Protein lysine acetylation plays a key role in regulating chromatin dynamics, gene expression and metabolic pathways in eukaryotes, and, thus, contributes to diverse cellular processes like transcription, cell cycle regulation, and apoptosis. Although recent evidence suggests that acetylated proteins impact broadly cellular functions in prokaryotes, the substrates and localization of this modification remain widely unknown due to the limitations of analytical methods. Comprehensive identification of protein acetylation is a major bottleneck due to its dynamic property and pretty low abundance. A complete atlas of acetylome will significantly advance our understanding of this modification functions in prokaryotes. To achieve this goal, we have developed an intergraded approach to identifying lysine acetylation. Combining immunoaffinity enrichment with high sensitive mass spectrometry, we identified 349 acetylated proteins and addressed 1070 acetylation sites in Escherichia coli. To our knowledge, the acetylated proteins and acetylated sites were increased to 3 times and 8 times, respectively, compared to that in previous report. To further characterize this modification, we classified acetylated proteins into several groups according to cell components, molecular functions and biological process. Additionally, interaction networks and high confident domains architectures of acetylated proteins were investigated with the aid of bioinformatics tools. Finally, the acetylated metabolic enzymes were analyzed on the basis of acetylated proteins identified by proteomic survey in E. coli. Our study has demonstrated that the combined approach is powerful for identification and characterization of protein lysine acetylation on a large scale. These results not only greatly expand the number of acetylated proteins, but also provide a series of important information including localization, networks and characterization of acetylome.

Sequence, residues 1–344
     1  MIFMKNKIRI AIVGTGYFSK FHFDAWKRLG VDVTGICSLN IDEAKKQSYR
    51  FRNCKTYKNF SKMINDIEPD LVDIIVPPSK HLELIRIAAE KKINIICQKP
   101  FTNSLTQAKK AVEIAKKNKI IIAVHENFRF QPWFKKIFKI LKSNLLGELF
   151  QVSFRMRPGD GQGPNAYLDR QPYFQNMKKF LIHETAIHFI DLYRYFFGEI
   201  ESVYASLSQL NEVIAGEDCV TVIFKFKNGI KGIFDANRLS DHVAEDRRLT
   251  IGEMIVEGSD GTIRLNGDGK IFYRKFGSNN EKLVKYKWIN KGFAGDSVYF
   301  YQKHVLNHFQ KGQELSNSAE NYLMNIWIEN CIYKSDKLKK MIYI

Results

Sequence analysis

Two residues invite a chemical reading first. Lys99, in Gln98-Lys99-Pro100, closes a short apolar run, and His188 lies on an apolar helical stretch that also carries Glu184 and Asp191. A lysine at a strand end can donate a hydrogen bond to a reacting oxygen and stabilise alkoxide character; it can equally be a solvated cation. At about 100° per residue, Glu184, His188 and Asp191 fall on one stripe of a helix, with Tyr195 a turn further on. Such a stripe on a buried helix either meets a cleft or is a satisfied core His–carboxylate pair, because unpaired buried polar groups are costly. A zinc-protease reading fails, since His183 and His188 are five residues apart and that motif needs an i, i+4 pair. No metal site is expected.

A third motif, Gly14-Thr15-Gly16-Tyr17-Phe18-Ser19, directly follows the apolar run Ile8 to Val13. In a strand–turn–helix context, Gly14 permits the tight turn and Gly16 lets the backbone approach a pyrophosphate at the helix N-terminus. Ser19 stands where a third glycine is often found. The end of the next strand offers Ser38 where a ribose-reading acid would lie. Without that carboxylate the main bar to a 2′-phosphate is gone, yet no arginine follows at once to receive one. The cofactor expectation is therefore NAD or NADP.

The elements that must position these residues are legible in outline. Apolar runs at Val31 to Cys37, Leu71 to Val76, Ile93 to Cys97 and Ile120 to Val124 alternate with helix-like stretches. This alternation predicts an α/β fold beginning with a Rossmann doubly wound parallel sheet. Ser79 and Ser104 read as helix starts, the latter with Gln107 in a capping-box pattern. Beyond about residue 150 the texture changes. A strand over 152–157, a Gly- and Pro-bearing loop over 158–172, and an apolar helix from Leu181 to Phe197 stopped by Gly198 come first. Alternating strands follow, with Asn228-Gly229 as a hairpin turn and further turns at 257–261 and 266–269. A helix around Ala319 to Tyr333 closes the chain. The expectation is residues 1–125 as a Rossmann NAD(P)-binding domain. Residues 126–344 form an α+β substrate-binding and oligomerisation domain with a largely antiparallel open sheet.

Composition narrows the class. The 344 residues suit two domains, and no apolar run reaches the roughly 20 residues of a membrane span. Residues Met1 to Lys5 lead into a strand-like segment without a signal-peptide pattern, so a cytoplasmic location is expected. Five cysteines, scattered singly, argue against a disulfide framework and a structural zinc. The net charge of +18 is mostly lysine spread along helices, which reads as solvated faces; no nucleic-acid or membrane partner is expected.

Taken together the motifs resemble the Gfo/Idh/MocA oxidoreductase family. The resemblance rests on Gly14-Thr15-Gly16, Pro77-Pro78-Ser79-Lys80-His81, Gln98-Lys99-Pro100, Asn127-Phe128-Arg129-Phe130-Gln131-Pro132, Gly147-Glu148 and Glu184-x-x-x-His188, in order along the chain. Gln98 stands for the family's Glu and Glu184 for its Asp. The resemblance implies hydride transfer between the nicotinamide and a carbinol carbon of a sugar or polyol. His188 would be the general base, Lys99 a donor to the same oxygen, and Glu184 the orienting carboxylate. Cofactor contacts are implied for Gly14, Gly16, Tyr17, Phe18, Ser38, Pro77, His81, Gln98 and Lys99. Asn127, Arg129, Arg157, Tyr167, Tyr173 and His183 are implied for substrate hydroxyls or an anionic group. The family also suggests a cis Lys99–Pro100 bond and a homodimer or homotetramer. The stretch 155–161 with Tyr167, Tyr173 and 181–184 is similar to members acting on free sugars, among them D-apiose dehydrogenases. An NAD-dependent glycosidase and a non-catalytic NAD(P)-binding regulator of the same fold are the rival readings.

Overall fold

- Escherichia coli (E. coli)
- lysine acetylation
- mass spectrometry (MS)
- post-translational modifications (PTMs)